Church Authority

Church Authority


Ross Williams

10/19/2015

Dear Church Leaders,

I often receive questions about the authority of church leaders over financial matters and access to financial statements, systems and records.  So I thought I would provide some guidance on this topic from The Book of Discipline and other UMC publications.

One of the hallmarks of our denomination is a structure and practice of openness, transparency and inclusion with respect to almost all church matters.  Transparency with financial matters builds trust between the congregation and the various committees and leaders that are elected to govern the church.  Full transparency can result in greater financial stewardship through the reassurance it provides that monetary gifts are being used appropriately.  Sometimes, but certainly not always, a reluctance to share financial information can point to more serious problems such as the desire to exert control or poor management of scarce resources.  In the worst cases, it can be an attempt to conceal theft or fraud.     

Meetings:  The Book of Discipline (¶ 722) requires that meetings be open as often as possible. "In the spirit of openness and accountability, all meetings of councils, boards, agencies, commissions, and committees of the Church at all levels of the church, including subunit meetings and teleconferences, shall be open…Portions of a meeting may be closed for consideration of specific subjects if such a closed session is authorized by an affirmative public vote of at least three-fourths of the voting members present...Great restraint should be used in closing meetings; closed sessions should be used as seldom as possible...."   Per ¶ 258.2.e, the Staff-Parish Relations Committee is the only committee that is required to be closed:  "The committee shall meet in closed session, and information shared in the committee shall be confidential."

This language is clear that meetings should be open by default and only closed for very compelling reasons.  An example of the need for a closed session might be a discussion by the Board of Trustees of negotiations to purchase real estate (any real estate purchase or sale must ultimately be approved by the Charge Conference, Pastor and District Superintendent). 

Financial Records:  Per ¶ 258.4.d of The Book of Discipline all financial statements of the church and all its organizations and accounts are required to undergo an annual audit.  Included in this definition are the activities of the Trustees, pre-school (if controlled by the church), Memorial Fund, Endowment Fund, Mission & Outreach Ministries, UMW, UMM, etc.  The committee appointed by the church to perform the audit must provide a “full and complete report to the annual Charge Conference”.  The membership of the Charge Conference includes all members of the Church Council.  So this requirement alone, makes the review of church financial statements a topic open to all members of the Church Council.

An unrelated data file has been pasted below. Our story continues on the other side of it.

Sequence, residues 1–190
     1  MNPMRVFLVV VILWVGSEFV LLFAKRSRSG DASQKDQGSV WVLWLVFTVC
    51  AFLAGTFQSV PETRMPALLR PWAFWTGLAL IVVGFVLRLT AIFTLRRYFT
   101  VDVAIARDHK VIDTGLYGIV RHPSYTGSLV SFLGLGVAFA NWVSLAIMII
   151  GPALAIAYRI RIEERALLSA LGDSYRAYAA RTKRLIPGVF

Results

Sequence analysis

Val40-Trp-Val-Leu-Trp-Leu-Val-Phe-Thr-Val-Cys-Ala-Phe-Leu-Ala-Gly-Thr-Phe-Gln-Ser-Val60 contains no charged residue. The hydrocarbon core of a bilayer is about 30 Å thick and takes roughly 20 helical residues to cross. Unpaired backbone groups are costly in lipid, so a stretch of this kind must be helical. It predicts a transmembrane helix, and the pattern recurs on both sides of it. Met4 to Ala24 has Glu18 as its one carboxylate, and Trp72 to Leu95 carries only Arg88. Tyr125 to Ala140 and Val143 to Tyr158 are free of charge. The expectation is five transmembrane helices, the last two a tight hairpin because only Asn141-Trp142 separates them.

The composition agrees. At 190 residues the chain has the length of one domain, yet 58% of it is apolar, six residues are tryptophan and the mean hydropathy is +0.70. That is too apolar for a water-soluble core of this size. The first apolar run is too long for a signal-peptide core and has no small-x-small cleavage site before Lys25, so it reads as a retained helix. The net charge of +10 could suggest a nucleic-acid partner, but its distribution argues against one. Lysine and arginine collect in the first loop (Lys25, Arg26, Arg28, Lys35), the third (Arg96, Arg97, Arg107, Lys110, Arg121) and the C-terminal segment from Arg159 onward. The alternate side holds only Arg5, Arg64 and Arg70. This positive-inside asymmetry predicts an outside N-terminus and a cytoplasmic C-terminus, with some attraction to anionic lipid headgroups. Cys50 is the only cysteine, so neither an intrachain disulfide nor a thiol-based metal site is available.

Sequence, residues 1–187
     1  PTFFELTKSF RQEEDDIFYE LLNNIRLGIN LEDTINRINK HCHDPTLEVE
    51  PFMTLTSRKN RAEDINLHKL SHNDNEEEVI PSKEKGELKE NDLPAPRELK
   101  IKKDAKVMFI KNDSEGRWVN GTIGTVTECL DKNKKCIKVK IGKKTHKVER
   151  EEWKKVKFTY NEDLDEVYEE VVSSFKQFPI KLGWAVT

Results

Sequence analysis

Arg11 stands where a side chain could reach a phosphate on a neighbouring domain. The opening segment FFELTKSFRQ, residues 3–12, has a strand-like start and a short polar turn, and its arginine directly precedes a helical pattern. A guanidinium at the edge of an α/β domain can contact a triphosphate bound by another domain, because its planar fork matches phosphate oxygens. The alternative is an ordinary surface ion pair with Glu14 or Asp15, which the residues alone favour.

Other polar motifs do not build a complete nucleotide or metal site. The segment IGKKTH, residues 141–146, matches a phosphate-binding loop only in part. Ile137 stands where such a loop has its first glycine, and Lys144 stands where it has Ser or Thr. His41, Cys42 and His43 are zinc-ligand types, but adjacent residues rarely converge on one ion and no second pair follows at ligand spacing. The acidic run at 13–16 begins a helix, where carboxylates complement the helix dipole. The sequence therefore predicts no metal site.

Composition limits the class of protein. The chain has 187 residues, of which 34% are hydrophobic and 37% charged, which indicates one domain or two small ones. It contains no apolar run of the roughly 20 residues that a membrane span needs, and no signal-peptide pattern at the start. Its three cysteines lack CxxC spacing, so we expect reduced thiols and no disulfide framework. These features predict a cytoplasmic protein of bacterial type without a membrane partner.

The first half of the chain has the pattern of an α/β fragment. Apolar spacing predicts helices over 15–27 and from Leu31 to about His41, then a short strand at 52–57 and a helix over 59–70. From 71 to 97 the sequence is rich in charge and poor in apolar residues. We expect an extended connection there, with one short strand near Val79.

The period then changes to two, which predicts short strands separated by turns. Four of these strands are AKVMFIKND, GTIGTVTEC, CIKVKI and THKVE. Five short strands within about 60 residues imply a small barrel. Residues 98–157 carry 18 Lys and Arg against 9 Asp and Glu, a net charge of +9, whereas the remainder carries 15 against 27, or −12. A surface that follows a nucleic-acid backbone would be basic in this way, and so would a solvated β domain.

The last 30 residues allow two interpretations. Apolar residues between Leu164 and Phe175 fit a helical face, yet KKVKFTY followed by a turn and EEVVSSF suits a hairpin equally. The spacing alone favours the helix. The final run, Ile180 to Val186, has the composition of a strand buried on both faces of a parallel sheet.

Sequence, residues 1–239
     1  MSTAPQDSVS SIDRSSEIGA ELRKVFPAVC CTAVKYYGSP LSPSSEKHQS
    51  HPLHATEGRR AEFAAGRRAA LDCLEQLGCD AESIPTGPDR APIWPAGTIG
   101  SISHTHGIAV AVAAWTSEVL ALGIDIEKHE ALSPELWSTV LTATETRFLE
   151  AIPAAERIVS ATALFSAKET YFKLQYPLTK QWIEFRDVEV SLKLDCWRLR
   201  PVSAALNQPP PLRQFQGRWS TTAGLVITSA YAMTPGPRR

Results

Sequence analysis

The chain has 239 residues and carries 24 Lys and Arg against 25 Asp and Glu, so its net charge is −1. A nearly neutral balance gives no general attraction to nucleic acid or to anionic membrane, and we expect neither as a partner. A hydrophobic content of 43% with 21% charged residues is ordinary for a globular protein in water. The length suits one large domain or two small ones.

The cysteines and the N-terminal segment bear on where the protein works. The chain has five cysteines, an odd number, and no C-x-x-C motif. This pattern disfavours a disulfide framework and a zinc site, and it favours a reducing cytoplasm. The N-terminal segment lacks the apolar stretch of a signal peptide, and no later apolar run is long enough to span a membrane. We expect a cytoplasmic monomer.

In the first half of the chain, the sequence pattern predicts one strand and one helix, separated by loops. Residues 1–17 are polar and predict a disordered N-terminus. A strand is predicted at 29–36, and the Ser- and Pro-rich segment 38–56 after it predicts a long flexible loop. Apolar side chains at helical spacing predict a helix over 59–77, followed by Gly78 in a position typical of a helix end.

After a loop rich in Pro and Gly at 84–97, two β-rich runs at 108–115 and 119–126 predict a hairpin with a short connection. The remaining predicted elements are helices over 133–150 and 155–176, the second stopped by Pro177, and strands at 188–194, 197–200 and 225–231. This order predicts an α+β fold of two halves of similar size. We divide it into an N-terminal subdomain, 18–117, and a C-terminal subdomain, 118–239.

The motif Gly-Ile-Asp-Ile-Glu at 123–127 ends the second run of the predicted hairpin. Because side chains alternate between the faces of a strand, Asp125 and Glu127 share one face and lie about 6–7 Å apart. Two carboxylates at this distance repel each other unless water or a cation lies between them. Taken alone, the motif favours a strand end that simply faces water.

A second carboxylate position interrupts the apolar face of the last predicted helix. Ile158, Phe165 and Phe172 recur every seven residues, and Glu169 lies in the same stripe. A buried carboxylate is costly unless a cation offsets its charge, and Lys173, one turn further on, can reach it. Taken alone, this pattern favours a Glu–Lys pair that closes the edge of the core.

(More information on audit requirements can be found in ¶ 258.4.d. through h) of The Book of Discipline and in The Local Church Audit Guide, (see note 2).

Generally speaking, no church entity, committee or subcommittee should keep financial statements and records related to their activities secret.  This does not mean that certain sensitive information, such as salaries and financial gifts, cannot be kept private.  But there must be a compelling reason to do so.  As an example, the administrative board of the church has the right to see, understand and question the financial statements of the Trustees. 

Furthermore, churches are generally incorporated under religious and Not-for Profit corporate law in the state they reside.  For New York, this means that they must comply with Section 621 of Not-for-Profit Corporation Law (NPCL) dealing with “Books and records; right of inspection…”  See paragraph “e” at the following link for more information:  http://codes.lp.findlaw.com/nycode/NPC/6/621.  The rights of inspection under NPCL are limited to the specific records listed in the statue but members have additional and broader rights under Common Law, subject to the discretion of a court judge.    

Stewardship Records:  Details of financial giving by member should be kept private and only shared with those that have “a need to know”.  Those having such a need are the Financial Secretary, the Pastor and sometimes members of the Finance Committee (for example, to facilitate a capital campaign).  A concern sometimes raised is that a Pastor’s ministry may somehow be biased if they are aware of such details.  In reality, an individual’s financial discipleship is part of their faith journey, and both are a vital component of pastoral ministry.  Financial giving is an important sign of one’s faith, as are prayer, church attendance and involvement in the church’s ministries.  A change in a member’s giving (either up or down) is a pastoral concern.  An increase in giving can be an opportunity to say “thank you”.  A decrease in giving may indicate a broader pastoral concern, such as a job loss or family difficulty.  But most importantly, the pastor has the authority to access such information (see below).   

An article explaining why the pastor should have access to records of giving can be found at the link below.  This article was written by our own George Englehardt, a former District Superintendent and President of CF&A of this Conference.  http://www.umcdiscipleship.org/resources/privacy-of-financial-giving    

Authority of the Pastor:
The pastor is in effect the “CEO” of the church. ¶ 244.3, of The Book of Discipline (pg 169) states:  "The pastor shall be the administrative officer and, as such, shall be an ex-officio member of all conference, boards, councils, commissions, committees, and task forces, unless otherwise restricted by the Discipline."  This means that the pastor is a member of the Finance committee and all sub-committees including stewardship and, as such, has full access to all information for each.